It stands for "blind carbon copy." That's right — in prehistoric times, people actually used to make copies of things they wrote with carbon paper! The earliest reference to the term, according to the OED, appeared in the Fresno Bee in 1968: "When typing letters that require blind carbon copies to be sent, don't remove the original letter and then type the names of those who are to receive the blind carbons." (Full disclosure: I can barely understand what that means.)
By the year 2000, bcc was used to refer to email, as per the helpful sounding Internet Marketing for your Tourism Business: "Make sure that you know how to use the blind carbon copy function in your email program." Since carbon paper is not really office standard nowadays, bcc has since been redefined as "blind copy circulated," or "blind courtesy copy," but most of us still just say bcc, and if anyone still doesn't know how to use that function in their email, they need not read further.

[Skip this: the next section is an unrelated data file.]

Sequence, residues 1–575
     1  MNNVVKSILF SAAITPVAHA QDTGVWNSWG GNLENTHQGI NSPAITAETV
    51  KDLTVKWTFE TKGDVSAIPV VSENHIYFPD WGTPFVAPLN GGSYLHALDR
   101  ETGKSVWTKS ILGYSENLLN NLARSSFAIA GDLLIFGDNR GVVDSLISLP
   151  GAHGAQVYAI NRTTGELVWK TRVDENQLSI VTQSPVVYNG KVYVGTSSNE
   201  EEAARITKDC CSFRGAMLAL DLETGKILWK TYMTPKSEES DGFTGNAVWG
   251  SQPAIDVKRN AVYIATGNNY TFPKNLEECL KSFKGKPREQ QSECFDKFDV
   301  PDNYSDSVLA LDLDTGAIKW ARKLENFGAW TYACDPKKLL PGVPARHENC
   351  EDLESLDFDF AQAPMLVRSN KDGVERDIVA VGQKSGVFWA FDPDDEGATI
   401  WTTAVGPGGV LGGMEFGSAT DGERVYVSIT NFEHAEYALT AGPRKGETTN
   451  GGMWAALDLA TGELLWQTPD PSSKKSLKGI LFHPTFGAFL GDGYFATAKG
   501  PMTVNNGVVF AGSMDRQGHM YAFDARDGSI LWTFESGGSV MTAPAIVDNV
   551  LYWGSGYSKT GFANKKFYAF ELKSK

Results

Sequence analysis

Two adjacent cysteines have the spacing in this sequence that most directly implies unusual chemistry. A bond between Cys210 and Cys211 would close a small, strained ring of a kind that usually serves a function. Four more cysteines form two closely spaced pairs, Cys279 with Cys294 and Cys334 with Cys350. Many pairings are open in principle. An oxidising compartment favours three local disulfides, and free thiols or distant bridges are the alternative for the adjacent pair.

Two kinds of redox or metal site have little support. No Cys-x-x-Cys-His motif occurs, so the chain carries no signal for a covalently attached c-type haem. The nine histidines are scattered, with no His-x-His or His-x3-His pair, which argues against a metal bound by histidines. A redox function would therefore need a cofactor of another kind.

2. A good reply-allpocalypse is actually awesome
No one likes getting spammed. No one wants to have a million emails shooting back at them, especially if there's some horrid punster on the list. No one wants to be beholden to their inbox. BUT! Two simple facts: 1. You don't have to read all those reply alls. You can, in fact, delete them. (Or ignore them! It's crazy, I know.) And, 2. What would we do for humor in an office or collegiate environment if occasionally someone didn't make an ass of himself by replying all? It's a gift that gives back 33,000 or even 40,000-fold. (Plus some lucky journalist gets to write that story up after the fact; it's a win-win.) One pal wrote back longingly, after I sent an email, "Ah man I wish it wasn't a bcc cuz WHAT A CREW." What other conversations have been lost to bcc? We can only imagine.